Golden anniversary approaching, the New York Film Festival maintains a singular position. Because it’s curated rather than competitive, the annual Lincoln Center bash is a yearly bulletin on the state of world film culture—heavy on festival winners and critical favorites. The NYFF programmers order à la carte from abroad and bring it back home, garnished with a few crowd-pleasing treats for its board and the local media.
The quality varies from year to year, but the 2011 edition is solid. Building on a strong Cannes, which premiered 11 of the NYFF’s 27 Main Slate selections, the festival’s selection committee (Richard Peña, Scott Foundas, Dennis Lim, Todd McCarthy, and Voice critic Melissa Anderson) has created a mix of the hyped and the obscure, the familiar and the new, the tough and the tender, a soupçon of fluff and no less than three movies (Abel Ferrara’s 4:44: Last Day on Earth, Lars von Trier’s Melancholia, and Béla Tarr’s The Turin Horse) visualizing the end of the world.
Although impossible to equal the news value of last year’s opening night, the world premiere of The Social Network, this NYFF has a number of star-enriched, commercially viable, name-brand tent poles. Roman Polanski’s Carnage (adapted from Yasmina Reza’s Tony-winning God of Carnage) kicks off the fest Friday night with the director’s first NYFF inclusion, if not appearance, since Knife in the Water, 47 festivals ago. Michelle Williams’s Monroe turn, My Week With Marilyn, the first feature by British TV director Simon Curtis and a world premiere, is the designated centerpiece, while Alexander Payne’s George Clooney vehicle, The Descendants, closes the festival October 16.
Two more movies are flagged as galas: The Skin I Live In by Pedro Almodóvar, whose biannual presence at Lincoln Center is pretty much a given, and, from a director who has never been so honored, David Cronenberg’s A Dangerous Method—a deeply fascinating Freudian love story for the Jung at heart. It’s also—along with the doomsday trio, Gerardo Naranjo’s terrific Miss Bala, and Nuri Bilge Ceylan’s magisterial Once Upon a Time in Anatolia—one of the festival’s standout standouts.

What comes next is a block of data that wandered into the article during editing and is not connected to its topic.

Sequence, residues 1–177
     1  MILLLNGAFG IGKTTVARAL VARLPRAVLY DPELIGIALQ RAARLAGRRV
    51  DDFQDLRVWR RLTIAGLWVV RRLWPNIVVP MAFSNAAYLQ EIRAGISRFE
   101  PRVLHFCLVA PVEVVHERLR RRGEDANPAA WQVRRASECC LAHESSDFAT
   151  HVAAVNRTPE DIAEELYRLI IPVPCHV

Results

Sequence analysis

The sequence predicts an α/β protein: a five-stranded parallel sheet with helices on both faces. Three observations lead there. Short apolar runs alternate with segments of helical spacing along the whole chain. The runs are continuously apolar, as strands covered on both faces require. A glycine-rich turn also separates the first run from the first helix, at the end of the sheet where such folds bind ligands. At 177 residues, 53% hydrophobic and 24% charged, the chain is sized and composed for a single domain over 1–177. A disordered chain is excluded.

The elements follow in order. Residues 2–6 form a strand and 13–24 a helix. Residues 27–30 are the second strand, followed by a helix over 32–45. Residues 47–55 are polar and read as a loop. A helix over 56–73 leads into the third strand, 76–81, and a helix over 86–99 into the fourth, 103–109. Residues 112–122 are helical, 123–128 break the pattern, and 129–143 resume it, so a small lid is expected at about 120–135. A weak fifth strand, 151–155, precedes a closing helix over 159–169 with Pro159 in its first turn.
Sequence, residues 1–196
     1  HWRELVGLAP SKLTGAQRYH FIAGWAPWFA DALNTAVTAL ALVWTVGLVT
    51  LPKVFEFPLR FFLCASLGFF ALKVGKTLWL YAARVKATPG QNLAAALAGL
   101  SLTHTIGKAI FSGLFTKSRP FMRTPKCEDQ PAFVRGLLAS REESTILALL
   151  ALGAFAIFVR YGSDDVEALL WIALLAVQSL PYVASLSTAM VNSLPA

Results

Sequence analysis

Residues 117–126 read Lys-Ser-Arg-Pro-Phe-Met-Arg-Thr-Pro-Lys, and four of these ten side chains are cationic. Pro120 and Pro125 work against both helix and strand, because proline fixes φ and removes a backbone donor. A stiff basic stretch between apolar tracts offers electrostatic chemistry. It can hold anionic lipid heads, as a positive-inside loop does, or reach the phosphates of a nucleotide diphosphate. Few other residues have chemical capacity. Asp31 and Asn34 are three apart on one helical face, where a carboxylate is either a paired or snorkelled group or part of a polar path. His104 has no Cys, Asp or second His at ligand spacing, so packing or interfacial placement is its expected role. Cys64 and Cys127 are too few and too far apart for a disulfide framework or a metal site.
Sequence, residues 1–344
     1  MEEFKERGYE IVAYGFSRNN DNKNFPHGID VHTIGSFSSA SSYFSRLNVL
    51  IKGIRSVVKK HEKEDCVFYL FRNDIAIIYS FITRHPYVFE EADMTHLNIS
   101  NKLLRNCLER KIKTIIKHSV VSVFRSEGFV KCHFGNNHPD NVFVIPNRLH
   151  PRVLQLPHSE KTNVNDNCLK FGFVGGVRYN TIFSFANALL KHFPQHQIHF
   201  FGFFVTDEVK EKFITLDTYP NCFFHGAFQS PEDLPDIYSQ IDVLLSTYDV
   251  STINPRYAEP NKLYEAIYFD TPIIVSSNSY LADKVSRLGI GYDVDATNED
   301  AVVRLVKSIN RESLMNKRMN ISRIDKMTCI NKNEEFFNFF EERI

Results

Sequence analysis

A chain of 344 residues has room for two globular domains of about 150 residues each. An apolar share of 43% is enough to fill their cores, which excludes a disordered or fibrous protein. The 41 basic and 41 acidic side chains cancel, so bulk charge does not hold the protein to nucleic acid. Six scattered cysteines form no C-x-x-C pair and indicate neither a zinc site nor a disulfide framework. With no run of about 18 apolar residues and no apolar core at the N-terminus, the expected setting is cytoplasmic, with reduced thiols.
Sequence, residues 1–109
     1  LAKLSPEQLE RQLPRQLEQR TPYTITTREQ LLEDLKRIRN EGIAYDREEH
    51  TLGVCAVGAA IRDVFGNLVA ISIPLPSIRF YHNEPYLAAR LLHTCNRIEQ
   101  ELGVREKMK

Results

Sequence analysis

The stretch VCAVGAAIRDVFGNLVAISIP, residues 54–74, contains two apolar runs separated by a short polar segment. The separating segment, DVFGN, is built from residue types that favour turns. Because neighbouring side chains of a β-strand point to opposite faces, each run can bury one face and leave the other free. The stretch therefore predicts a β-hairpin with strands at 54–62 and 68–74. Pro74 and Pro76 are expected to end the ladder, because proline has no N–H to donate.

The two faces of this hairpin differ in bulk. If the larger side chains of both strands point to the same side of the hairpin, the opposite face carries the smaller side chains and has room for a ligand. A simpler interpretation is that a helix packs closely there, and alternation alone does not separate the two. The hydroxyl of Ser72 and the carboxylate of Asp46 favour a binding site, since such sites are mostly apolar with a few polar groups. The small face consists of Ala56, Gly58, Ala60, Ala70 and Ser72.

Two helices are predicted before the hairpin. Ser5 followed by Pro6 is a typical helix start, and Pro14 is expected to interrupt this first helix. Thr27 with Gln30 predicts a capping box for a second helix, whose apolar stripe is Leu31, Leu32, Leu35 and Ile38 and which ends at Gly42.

Nothing this year from East Asia (a retro for the Japanese B-movie factory Nikkatsu aside), but there are two excellent entries each from Israel (The Footnote by Joseph Cedar and Policeman by Nadav Lapid) and Iran (This Is Not a Film by Jafar Panahi and Mojtaba Mirtahmasb and A Separation by Asghar Farhadi). The two Israeli films evoke the nation’s fierce insularity from very different perspectives while, each in its way, the Iranian films are legal thrillers.
Bean-counters will further note the Main Slate is evenly split between vets and rookies. Polanski aside, the 13 returnees include Almodóvar, Ceylan, the Dardenne brothers (back to neo-neorealist form with The Kid With a Bike), Ferrara, Aki Kaurismäki (the mordant heart-warmer Le Havre), Steve McQueen (the much-hyped Shame), Naranjo, Panahi, Payne, Martin Scorsese (with a documentary portrait of George Harrison), Tarr, von Trier, and Wim Wenders (the Main Slate’s other doc and first 3-D picture, Pina). (Majorly snubbed: Aleksandr Sokurov, whose typically eccentric version of Faust won the Golden Lion in Venice.) Along with Cronenberg are a dozen first-timers: Cedar, Curtis, Sean Durkin (making his debut by evoking the Manson family in Martha Marcy May Marlene), Farhadi, Mia Hansen-Løve (Goodbye First Love), Michel Hazanavicius (The Artist, likely the NYFF’s biggest crowd-pleaser), Ulrich Köhle (Sleeping Sickness), Lapid, Julia Loktev (The Loneliest Planet), Santiago Mitre (The Student), Ruben Östlund (Play), and Alice Rohrwacher (Corpo Celeste, a/k/a Heavenly Body, a slyly understated verité-style comedy in which a 13-year-old girl confounds the Catholic Church).